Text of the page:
On Tue, 22 Dec 2020 18:27:01 +1100 Steven D'Aprano email@example.com wrote:
On Mon, Dec 21, 2020 at 04:36:21PM +0300, Paul Sokolovsky wrote:
I posted on python-dev a question regarding builtin vars() vs .__dict__ attribute dichotomy: https://firstname.lastname@example.org/thread/JAFIBBUU5...
It could as well be one among the earliest cases of the violation of "There should be one-- and preferably only one --obvious way to do it."
(1) `vars` predates the Zen of Python (vars goes back to at least Python 1.4 in 1996; the Zen dates back to 1999);
(2) and `vars` *is* the "one obvious way" to access an object's internal namespace (dunder names are reserved for the Python interpreter; the public API to access an object's symbol table is `vars(obj)`)
Thanks for the reply and these points, but the point for .__dict__ is missing. And I don't know if I made my preference see-thru enough, but .__dict__ is what I hate ;-).
I don't think that it counts as a violation. But even if it does, well, the Zen is mostly intended to be light-hearted, almost a joke, and not as gospel; we take the koans overly seriously at our peril.
Sure, but even if the koan of Python appeared after vars(), it's common sense that such koans don't appear all at once and represent U-turn in how things are done. Vice-versa, they appear to capture existing practices. Which gets us back to the question - which of vars() vs .__dict__ is "more primary" and why they managed to coexist for so long, without anyone doing something to that duality (successfully at least).
And note that I'll definitely end up grepping the old commits, but I don't rush with that so far, because I know that old commits are usually not detailed enough - there're likely will be big code drop with both of them, that's it. And I actually more interested not to establish an objective fact (vars() appeared 199X-XX-XX, .__dict__ on 199Y-YY-YY), but what old-timers have in memory about that, including any attempts to address that situation.
(Seriously, how much *more obvious* can we get than a builtin function? You don't have to import it, it is always available.)
That's true, and a few StackOverflow questions in first google hits are quite unanimously suggest vars(). The question is again what's in minds of majority of Python users though.
On the other hand, *obvious* is not the same as *well known*. I expect that many people aren't aware of, or forget, the existence of `vars` and use `obj.__dict__` directly. That's so common that I expect we have no hope of making `__dict__` a *private* implementation detail, even though not all objects, or even all classes, have a `__dict__`.
Well, that's why I in the original python-dev post wrote "CPython 10". But there's another side of the story - various subsets and dialects. E.g., what Brighton https://brython.info/ (random example, I don't know its state/stance re: that) should implement, assuming they have an ambition to implement "only the right one" (as you write programs for such impls from scratch anyway, or *port* existing code)?
Such earlier, that it could as well turn out that this principle was never thoroughly followed by Python at all.
Anyway, how the question pops up, is that there's very rare when there's a need to access *writable* object namespace as dictionary. One of such cases is executing code in a module context, where you need to pass module's globals to exec(), and so I wonder what's "the most canonical way" of getting that - var(mod) or mod.__dict__.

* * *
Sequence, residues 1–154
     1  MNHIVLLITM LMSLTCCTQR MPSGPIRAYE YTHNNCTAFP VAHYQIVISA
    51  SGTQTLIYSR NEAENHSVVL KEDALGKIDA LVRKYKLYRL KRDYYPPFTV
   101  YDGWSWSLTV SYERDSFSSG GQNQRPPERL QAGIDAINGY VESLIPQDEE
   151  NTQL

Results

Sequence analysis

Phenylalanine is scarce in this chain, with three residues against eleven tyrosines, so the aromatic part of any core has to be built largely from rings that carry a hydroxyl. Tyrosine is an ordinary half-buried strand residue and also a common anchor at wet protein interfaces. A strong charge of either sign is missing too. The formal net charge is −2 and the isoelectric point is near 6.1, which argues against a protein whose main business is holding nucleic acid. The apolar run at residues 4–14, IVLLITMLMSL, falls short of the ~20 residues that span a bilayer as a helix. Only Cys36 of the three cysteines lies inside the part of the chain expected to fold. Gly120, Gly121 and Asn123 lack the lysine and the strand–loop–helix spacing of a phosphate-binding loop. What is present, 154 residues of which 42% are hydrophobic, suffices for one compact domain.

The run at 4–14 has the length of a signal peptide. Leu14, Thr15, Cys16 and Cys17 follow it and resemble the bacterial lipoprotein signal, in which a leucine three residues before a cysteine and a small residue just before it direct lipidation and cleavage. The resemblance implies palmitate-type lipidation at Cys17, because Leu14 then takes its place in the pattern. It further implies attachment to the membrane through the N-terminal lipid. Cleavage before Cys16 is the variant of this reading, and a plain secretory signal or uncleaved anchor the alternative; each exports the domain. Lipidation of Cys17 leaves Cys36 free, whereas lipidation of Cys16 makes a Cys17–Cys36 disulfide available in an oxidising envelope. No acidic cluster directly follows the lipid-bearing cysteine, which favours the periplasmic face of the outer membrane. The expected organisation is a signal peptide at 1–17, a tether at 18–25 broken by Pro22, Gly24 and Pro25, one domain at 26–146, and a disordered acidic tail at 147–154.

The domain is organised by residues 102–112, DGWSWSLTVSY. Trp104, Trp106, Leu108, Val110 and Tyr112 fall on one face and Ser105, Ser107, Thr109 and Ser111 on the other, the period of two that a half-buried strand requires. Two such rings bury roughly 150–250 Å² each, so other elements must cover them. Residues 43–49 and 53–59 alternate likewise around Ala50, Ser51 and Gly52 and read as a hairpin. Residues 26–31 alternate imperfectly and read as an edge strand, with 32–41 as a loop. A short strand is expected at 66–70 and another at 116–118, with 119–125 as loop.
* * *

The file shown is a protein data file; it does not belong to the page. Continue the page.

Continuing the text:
I expect the most common way is `globals()`.
globals() returns current module's globals. I was talking on how to execute code in the context of another module (such a task is mundane and avoidable in import handling, e.g. writing custom importers).
The only way to switch globals to another module is to execute a function from it. But we start with empty module and try to bootstrap it when we perform an import. Actually wait, we can stuff a "bootstrap" function in a module just to switch to the module context, and then execute code in now-current context with something like:
mod.__init__ = lambda source: exec(source) mod.__init__(source) del mod.__init__
That's why such discussions are useful - I wouldn't think about that possibility unless I elaborated counter-arguments to what you wrote ;-).
But thinking about it, the problem lies on the exec()'s side. If exec could take a module object directly as its "globals" param, there wouldn't be a need to expose internal namespace implementation of the module object.
I expect that there is plenty of third-party code that expects to be able to access `module.__dict__` either directly or via `vars`, since that is something that has been documented as working for many releases.
Yes, but the question for what they use it. Above, it seemed that access to module's namespace dict is unavoidable to perform an import and yet (relatively elegant) workaround was found. __dict__/vars is clearly needed for reflection, but there're tons of programs can be written without reflection (as all languages which lack it suggest).
It's all about the question "What is the core of Python?" https://snarky.ca/what-is-the-core-of-the-python-programming-language/ In this regard, neither vars() nor .__dict__ appear to be in that core, as even such an advanced matter as executing code in another module context can be done without them.
So, I wonder what old-timers would think of the following signature:
exec(object[, globals_or_module[, locals]])
I don't hate it, I just don't see any advantage to adding such complexity to the signature just for the sake of avoiding a function call or dot lookup.
Per above, it actually would be simplification, as you can drop vars() and .__dict__ from language and still perform import handling. But yeah, looks that I don't need to change anything on the Pycopy side right away, and better explore that "switch-to-module-and-exec" idiom above.